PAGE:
The title of my recent blog post Chaos in the Big Data Brickyard made Mike Wheeler think it was a reference to the Indianapolis Motor Speedway, which is known as “The Brickyard” because it was paved entirely with bricks way back in 1909 (today, three feet of the original bricks remain at the start/finish line). This was a reasonable assumption by Wheeler since he is a NASCAR fan (thus making his last name a great example of an aptronym) and thus prompted his blog post Yeah, But Who Won The Race?
“The term brickyard taken without any context,” Wheeler explained, “turned out to be another random brick of fact laid on an already crowded foundation. Context is what provides relevance to facts. Without a frame of reference into which a fact can be inserted it can easily become meaningless or, even worse, detrimental to the decision-making process.”
As usual, I agree with Wheeler (except about being a NASCAR fan — my apologies to Mike and his fellow auto racing fans).
In my post Big Data, Sporks, and Decision Frames, I blogged about how having the right decision frame (i.e., understanding the business context of a decision) is essential to whether big data and data science can provide meaningful business insight.
Data modeling is still important and data quality still matters. As does metadata, data management and business intelligence, data monitoring, communication, collaboration, change management and the many other aspects of data governance.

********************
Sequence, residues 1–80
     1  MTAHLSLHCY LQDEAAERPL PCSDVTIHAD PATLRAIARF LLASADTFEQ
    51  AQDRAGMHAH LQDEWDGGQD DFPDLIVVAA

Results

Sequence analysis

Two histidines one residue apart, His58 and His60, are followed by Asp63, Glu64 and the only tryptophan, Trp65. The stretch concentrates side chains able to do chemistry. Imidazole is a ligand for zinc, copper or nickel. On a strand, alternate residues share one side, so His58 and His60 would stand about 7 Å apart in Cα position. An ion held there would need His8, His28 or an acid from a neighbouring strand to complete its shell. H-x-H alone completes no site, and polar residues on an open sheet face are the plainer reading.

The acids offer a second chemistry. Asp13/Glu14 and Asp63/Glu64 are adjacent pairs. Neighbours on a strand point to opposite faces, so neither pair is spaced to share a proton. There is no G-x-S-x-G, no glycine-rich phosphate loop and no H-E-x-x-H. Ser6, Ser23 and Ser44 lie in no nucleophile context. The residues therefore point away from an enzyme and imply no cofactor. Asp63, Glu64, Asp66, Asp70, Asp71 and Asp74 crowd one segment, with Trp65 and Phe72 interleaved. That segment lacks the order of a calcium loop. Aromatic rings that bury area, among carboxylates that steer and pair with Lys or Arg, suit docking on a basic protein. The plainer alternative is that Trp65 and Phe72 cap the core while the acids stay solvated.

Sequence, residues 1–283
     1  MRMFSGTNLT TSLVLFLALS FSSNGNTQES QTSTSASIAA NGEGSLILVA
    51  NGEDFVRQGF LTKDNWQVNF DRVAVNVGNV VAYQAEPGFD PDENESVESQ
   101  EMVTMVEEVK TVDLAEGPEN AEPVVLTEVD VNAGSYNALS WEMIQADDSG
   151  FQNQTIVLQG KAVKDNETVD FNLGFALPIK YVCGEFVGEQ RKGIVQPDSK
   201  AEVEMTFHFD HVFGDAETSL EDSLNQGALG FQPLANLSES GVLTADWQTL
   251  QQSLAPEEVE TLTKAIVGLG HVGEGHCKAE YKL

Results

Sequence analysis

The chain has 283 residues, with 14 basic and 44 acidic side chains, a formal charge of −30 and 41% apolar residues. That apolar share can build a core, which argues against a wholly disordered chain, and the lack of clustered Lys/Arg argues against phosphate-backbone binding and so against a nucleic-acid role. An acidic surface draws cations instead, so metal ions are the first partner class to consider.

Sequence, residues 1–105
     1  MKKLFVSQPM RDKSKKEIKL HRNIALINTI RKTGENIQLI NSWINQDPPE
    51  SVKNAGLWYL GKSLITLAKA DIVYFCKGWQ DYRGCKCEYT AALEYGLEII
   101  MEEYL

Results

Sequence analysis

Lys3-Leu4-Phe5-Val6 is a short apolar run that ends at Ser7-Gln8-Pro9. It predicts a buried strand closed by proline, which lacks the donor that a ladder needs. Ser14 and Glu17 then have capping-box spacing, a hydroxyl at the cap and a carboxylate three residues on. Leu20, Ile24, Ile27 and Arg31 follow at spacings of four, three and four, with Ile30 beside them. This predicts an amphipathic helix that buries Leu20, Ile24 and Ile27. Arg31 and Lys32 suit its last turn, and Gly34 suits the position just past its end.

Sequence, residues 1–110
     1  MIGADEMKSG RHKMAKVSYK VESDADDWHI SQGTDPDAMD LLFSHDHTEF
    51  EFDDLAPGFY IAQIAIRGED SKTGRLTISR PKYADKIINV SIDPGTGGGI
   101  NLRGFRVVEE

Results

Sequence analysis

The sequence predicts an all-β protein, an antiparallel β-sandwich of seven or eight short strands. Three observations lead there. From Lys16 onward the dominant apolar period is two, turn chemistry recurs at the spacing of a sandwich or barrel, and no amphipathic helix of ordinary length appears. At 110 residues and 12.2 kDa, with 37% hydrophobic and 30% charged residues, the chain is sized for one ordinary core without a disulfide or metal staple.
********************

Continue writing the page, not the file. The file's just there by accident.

“A successful man,” David Brinkley once said, “is one who can lay a firm foundation with the bricks others have thrown at him.” A successful big data initiative is one that can lay a firm foundation with the bricks of best practices that the data management industry has been rightfully throwing at us for a long time now. Big data does not obviate the need for those best practices — even though it does occasionally require adapting our best practices as well as adopting new practices.
Big data is not the be all and end all, as it is sometimes overhyped, but instead, to paraphrase the great philosophers Pink Floyd:
All in all, big data is just another brick in the wall.
Clicking on the link will take you to the episode’s blog post:
- Defining Big Data — This episode of the Open MIKE Podcast, with assistance from Robert Hillard, discusses how big data refers to big complexity, not big volume, even though complex datasets tend to grow rapidly, thus making them voluminous.
- Too Big to Ignore — Guest Phil Simon, author of the book Too Big to Ignore: The Business Case for Big Data, offers advice on getting started with big data and remembering that big data is just another means toward solving business problems.
- Data Quality and Big Data — Guest Tom Redman (aka the “Data Doc”) discusses Data Quality and Big Data, including if data quality matters less in larger data sets, and if statistical outliers represent business insights or data quality issues.
- Demystifying Data Science — Guest Melinda Thielbar, a Ph.D. Statistician, discusses what a data scientist does and provides a straightforward explanation of key concepts such as signal-to-noise ratio, uncertainty, experimentation, and correlation.